I smoke my first cigarette to strike
a cocky stance, to pass time I lean
against a wall in an adult theater.
I slouch, reluctant to stand too straight,
maintain the macho effect. My lips
pout smoke, as if it is even possible
to shape smoke rings from amateurish puffs.

The theater is dimly lit. Dampness
has tormented paint from walls. Strips
the size of a human hand hang loose.
Men parade a well-worn path up and down
aisles, through the lobby to the restroom,
come back out, start again. A constant
procession of desperate faces pass me.
I stand still watching, waiting for someone
to stop with a come-on line or a roving hand.
Amidst smoke and gloom, most faces appear
gray as corpses, seem bent on not showing
an interest in each other. My eyes don’t lock
on anyone for fear of dispelling detached appeal.

Propped against a wall, in my silence I dream
of another way to look at the universe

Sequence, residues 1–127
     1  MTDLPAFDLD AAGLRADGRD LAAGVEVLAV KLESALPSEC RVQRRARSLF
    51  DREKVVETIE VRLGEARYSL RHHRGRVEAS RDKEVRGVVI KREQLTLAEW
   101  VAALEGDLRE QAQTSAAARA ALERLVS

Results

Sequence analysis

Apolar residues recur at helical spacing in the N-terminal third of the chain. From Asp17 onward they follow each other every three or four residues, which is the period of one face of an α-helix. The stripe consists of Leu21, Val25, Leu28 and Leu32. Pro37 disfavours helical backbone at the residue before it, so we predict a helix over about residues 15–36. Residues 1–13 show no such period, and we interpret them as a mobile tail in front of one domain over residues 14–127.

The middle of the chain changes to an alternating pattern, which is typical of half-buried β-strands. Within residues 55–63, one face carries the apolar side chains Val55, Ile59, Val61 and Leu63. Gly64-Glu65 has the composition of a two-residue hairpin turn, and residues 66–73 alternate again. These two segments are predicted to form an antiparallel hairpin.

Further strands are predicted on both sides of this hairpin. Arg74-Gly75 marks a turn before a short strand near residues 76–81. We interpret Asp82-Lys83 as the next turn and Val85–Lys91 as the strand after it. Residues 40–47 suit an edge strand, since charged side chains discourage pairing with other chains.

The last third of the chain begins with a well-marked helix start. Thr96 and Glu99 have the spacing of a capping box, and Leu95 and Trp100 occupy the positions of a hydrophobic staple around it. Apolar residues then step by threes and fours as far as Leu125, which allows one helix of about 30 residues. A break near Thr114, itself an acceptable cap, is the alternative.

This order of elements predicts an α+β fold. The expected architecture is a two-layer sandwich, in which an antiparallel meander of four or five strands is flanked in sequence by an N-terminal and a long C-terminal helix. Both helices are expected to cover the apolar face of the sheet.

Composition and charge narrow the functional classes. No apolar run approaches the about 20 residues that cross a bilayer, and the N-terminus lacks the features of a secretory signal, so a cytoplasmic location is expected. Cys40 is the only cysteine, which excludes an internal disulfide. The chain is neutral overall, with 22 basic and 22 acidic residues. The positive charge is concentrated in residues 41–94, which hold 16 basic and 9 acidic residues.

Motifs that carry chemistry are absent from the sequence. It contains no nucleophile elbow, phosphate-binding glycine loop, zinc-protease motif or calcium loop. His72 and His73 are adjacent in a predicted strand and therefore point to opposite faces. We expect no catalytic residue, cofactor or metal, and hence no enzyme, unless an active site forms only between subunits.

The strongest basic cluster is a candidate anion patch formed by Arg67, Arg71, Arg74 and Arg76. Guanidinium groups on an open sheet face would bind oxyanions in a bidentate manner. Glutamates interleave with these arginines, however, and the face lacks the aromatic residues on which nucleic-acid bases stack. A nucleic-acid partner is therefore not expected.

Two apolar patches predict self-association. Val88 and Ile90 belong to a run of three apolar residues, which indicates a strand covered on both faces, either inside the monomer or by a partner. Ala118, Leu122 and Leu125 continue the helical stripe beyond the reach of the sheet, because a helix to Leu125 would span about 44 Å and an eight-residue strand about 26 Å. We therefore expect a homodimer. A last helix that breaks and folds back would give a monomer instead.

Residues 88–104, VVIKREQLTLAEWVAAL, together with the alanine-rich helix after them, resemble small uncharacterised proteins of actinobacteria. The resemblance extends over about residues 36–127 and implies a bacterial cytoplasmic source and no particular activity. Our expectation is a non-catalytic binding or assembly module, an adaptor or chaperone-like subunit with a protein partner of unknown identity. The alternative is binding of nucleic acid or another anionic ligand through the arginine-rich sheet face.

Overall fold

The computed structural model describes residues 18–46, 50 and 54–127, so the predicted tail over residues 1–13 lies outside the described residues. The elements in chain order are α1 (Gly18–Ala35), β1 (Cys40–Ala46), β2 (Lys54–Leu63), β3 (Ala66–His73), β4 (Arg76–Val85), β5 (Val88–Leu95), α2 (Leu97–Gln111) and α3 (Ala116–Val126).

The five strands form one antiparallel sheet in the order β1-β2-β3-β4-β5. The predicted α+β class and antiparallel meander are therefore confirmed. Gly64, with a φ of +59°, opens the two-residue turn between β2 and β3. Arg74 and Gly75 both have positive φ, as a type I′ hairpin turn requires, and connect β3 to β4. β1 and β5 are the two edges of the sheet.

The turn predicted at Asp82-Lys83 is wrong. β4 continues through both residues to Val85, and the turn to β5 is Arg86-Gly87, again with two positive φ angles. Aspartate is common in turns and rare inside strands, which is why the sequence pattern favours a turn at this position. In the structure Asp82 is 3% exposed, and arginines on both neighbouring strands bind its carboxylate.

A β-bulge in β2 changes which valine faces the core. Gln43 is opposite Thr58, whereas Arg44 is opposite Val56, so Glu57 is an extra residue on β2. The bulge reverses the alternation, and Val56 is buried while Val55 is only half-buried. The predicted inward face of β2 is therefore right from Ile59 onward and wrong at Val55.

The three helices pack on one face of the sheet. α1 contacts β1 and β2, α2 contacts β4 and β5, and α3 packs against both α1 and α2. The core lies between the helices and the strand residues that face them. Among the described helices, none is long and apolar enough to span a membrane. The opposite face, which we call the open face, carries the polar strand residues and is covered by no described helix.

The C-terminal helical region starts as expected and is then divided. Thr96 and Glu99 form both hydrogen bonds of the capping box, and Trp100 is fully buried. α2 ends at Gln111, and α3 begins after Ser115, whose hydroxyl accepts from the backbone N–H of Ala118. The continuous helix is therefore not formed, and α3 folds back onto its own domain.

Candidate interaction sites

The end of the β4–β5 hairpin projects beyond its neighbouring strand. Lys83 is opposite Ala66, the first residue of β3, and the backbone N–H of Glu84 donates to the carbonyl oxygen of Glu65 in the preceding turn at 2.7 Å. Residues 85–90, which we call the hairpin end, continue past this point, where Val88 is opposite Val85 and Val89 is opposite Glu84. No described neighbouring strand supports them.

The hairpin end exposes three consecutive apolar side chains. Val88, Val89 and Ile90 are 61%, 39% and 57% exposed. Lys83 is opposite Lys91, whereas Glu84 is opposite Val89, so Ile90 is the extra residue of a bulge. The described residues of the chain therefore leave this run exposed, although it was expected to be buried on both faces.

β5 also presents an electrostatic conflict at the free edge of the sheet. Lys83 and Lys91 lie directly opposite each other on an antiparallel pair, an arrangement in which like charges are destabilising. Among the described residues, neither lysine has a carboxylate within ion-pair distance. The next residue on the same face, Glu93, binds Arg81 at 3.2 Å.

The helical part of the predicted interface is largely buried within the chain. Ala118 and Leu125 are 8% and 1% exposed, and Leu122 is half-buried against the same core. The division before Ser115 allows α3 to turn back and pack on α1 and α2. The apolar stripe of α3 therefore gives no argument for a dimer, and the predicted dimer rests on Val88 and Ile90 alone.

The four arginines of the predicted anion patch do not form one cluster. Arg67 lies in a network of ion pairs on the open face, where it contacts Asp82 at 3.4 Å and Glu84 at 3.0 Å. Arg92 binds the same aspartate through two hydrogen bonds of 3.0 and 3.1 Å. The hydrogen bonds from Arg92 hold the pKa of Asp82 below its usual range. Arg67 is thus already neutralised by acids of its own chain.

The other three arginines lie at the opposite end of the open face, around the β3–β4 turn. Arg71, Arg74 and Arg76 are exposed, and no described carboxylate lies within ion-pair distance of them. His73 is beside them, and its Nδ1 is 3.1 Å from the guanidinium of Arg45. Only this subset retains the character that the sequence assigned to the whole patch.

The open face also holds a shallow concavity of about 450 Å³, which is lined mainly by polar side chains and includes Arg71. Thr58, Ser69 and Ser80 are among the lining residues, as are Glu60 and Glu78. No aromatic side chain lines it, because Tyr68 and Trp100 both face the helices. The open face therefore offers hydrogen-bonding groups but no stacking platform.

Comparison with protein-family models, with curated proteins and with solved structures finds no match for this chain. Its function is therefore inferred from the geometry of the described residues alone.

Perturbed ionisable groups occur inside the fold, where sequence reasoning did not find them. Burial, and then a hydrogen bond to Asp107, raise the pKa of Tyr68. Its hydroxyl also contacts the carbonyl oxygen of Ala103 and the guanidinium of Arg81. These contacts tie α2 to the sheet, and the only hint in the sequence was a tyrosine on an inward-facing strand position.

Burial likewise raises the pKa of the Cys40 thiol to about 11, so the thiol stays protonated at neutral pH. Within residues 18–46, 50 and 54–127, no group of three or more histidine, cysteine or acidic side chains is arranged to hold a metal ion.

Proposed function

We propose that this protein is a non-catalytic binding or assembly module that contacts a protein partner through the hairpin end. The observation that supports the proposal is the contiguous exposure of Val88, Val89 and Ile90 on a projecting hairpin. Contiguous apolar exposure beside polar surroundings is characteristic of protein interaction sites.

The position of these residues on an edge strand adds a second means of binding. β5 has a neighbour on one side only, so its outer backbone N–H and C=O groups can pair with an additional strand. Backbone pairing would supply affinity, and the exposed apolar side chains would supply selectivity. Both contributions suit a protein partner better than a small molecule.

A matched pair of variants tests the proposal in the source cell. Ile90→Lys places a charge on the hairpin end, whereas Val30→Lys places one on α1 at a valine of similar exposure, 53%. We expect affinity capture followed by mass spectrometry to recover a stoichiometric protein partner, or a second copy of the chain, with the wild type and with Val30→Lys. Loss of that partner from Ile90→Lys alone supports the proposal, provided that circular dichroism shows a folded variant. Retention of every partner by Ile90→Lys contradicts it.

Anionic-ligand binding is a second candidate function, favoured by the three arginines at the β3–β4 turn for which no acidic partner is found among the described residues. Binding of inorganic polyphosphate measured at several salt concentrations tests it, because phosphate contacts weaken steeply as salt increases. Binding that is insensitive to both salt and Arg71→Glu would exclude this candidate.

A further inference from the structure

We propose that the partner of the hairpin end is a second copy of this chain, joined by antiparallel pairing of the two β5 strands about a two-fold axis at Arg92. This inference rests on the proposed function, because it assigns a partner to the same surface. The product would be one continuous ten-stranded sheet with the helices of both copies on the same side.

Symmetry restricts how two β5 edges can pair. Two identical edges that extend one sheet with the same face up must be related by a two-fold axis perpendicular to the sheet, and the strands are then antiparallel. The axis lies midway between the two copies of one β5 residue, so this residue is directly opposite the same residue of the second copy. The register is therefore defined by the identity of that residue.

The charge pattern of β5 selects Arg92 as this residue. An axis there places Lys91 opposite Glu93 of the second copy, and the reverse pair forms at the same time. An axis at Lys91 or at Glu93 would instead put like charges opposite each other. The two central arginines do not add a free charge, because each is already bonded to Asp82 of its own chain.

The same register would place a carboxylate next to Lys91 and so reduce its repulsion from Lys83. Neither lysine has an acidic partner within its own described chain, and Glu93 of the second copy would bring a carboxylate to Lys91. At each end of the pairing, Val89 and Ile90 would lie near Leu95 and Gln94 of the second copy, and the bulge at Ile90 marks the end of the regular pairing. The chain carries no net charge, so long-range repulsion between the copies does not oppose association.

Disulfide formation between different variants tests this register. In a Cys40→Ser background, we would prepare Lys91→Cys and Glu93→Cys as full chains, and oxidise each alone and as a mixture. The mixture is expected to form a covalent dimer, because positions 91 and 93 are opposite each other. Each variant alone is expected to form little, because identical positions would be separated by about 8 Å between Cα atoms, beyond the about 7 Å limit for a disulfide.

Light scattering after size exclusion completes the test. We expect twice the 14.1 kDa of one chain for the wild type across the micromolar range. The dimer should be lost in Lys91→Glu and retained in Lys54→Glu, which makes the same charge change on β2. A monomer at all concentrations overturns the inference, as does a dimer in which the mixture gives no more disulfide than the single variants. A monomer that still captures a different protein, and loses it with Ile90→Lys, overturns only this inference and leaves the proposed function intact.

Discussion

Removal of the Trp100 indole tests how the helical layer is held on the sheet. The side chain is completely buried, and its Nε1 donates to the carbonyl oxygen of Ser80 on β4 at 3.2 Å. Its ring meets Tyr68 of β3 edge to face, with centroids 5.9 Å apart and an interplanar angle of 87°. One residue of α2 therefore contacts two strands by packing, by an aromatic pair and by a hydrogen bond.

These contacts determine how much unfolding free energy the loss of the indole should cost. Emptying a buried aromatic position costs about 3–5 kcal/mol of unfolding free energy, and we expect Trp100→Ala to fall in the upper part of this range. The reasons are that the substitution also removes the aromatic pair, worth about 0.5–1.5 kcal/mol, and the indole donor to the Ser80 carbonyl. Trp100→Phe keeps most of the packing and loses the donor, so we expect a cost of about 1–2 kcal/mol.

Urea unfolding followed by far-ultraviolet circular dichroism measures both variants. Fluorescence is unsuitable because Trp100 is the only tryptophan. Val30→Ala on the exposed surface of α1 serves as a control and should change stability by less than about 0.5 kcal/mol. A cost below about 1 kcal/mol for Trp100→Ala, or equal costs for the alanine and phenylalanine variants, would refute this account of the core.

that doesn’t lead here. Eyes averted, I think
there must be more to do than loiter here
with a sneer fixed to my face as if with glue.
I and the others never a smile. To do that
would violate caution and watchfulness.

So what did hanging along these walls mean,
the risk of arrest always imminent?
I can only say that for a while the cigarette
and pretense let me become someone else.
let me get into the world the only way I knew how.

Back home, safe from apprehension,
I try to love the part of myself I have saved back,
not squandered during leather-jacketed hours
being cautious, loitering in shadows to hide
my flaccid neck and the top of my fading hair.